Jun 27, 2006
Pilot Kent is calling in from Ritzville, Washington.Feedback and Followups:
We start off this week with Pilot Kent telling the harrowing story of his recent truck accident. Luckily, the only fatalities were the truck and his PowerBook. He's already replaced the PowerBook with a new MacBook Pro, with the help of Pilot Bill of the Apple Air Force. Apple couldn't help with the truck, though.
Pilot Dan and Pilot Mike mention an NPR story about a 1956, in-air collision of two passenger planes, over the Grand Canyon, that was the impetus for todays nationwide ATC coverage. And lastly in this section, we give many thanks to Rinker Buck for allowing us to record and publish his reading from his book, "Flight of Passage", to the Oxford Flying Club.
Pilot Dan attended the Westfield International Airshow at Barnes Air National Guard Base, in Massachusetts, where the Blue Angels were performing. He explains a bit about how the Blue Angels Team is configured and how they coordinate maneuvers during the show. We also hear about a conversation he overheard about why the full Blue Angels team almost didn't make it to the show. From there, we move on to some interviews he was able to get with performing pilots.
Bill Horrigan, Stearman pilot: Bill is a former airline pilot who now occasionally flies a Stearman at airshows. He gives us a bit of the history of his plane along with some of it's flying characteristics. Bill talks about how tough the Stearman is and some of the maintenance issues. We hear about what instrumentation is installed, it's range, and how to hold a chart in an open cockpit aircraft. Bill finishes up with a discussion of takeoff and landing distances and how some of it's characteristics could be modified.
Jim Vocell, Chief Pilot for the American Airpower Museum, Farmingdale, NY: Jim was displaying a 1944 C-47, a derivative of the DC-3, the first really reliable transport plane, for both passengers and cargo. He gives us a history of this particular plane, and how the American Airpower Museum came to own it. We get a comprehensive overview of the flight characteristics, including takeoff and landing distances, useful load, engines and props, range, and fuel usage. Jim gives some tips to pilots who may want to fly into Republic Field, where the museum is located.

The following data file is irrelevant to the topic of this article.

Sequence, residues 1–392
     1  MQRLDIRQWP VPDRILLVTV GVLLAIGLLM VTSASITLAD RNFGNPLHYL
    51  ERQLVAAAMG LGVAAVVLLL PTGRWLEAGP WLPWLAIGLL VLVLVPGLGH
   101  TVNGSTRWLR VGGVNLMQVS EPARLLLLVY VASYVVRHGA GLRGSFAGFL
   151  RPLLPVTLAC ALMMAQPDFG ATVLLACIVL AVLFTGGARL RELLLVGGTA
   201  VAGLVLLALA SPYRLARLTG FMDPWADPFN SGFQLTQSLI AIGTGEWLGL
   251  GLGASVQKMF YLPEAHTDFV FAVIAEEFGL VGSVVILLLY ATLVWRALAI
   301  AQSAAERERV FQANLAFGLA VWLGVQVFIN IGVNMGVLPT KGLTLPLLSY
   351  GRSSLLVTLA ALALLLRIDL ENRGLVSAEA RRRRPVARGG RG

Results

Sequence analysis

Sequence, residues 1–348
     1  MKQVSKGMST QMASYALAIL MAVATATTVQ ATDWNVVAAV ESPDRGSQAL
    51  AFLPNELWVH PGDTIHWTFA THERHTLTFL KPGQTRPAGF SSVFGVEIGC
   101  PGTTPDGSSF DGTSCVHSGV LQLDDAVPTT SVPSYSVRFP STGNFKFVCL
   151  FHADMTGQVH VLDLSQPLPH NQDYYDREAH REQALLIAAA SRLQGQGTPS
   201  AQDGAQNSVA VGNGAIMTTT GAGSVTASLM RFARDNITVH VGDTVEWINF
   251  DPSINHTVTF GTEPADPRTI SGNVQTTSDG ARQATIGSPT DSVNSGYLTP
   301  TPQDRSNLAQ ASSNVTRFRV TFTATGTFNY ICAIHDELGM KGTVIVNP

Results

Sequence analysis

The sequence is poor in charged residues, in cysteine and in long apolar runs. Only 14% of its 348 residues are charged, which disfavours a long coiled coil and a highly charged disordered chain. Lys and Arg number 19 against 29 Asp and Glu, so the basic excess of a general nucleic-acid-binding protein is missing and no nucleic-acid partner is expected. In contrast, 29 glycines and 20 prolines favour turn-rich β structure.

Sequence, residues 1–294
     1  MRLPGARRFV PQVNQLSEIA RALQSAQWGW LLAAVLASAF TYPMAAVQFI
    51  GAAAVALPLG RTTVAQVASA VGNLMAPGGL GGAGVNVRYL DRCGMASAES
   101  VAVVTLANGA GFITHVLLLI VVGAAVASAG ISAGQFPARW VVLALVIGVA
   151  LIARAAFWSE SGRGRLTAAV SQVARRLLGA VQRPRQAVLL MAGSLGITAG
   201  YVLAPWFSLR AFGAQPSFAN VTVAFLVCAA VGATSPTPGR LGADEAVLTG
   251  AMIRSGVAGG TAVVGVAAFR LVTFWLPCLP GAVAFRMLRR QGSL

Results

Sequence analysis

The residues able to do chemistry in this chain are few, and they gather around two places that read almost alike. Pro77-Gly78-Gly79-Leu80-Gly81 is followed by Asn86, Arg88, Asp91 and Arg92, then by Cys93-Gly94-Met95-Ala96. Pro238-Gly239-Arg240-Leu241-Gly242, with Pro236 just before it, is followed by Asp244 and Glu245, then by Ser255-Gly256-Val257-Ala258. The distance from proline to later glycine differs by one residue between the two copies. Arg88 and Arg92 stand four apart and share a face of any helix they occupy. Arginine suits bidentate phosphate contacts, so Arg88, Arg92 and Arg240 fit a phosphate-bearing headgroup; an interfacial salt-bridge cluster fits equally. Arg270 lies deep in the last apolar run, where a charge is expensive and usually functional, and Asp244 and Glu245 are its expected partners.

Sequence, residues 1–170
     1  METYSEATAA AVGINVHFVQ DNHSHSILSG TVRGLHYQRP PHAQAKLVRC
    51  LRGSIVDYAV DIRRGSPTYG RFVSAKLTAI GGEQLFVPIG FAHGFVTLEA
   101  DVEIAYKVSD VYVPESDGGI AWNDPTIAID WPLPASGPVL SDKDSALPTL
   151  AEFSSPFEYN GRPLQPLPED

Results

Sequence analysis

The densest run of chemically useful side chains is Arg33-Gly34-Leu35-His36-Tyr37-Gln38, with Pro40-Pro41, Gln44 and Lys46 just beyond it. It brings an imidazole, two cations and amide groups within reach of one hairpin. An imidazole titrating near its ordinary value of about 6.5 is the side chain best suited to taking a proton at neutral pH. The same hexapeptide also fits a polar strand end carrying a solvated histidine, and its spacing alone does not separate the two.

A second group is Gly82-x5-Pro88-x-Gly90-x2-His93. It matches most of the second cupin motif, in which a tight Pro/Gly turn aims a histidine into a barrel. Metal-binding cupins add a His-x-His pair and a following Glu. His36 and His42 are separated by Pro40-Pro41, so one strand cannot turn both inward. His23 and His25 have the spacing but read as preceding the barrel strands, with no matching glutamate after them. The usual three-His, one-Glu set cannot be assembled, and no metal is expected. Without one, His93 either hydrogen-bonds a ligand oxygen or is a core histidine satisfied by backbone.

Billy Segalla, pilot with the Iron Eagles Acrobatic Team: Billy starts off with a little info on the two Christen Eagle aircraft flown by the team and a bit about their overall show schedule. The Eagle aircraft have an amazing power to weight ratio, allowing extremely tight turns. He talks about the differences between Eagles and Pitts as well as the custom modifications they've made. The aircraft are flown from show to show, including 3 1/2 hour over-water flights from Florida to Guatemala and El Salvador. Billy finishes with the upcoming schedule for the Iron Eagles.
Capt. Emily Naylor, C-5 pilot for the Air National Guard: Pilot Dan started off on the wrong foot by asking Capt. Naylor, "Are there any pilots around?" After a vain attempt at an apology, he went on with the interview. She starts off with how long she's been flying the C-5 and informs us the C-5 is the largest aircraft in the U.S. military. Capt. Naylor says it actually a very easy plane to fly, it just reacts a little slower to control inputs. She describes a typical long flight. She then talks about how she got her ratings and how it felt to go from piloting a small plane to the C-5 and finishes with why she thinks there are so few women in aviation and how to encourage them to get involved.
First off, Pilot Kent did some flying to get some aerial photos of his accident site so it could be included with his accident report. Pilot Dan talks about the really terrible weather they've been getting on the East Coast, forcing quite a few flight cancellations. Pilot Mike describes his flight back from the 2006 Gaston's Fly In, and how he almost busted the St. Louis Class Bravo airspace because of an out of date marking on sectional chart. Chart updates can be found in your local AFD's. For you non-pilots who are listening, the crew give some explanation of the "pilot-eese" they were using to describe the different altitudes, airspace, charts, and AFD's. You can self report any infraction, and Pilot Mike tells you how and why you would want do that.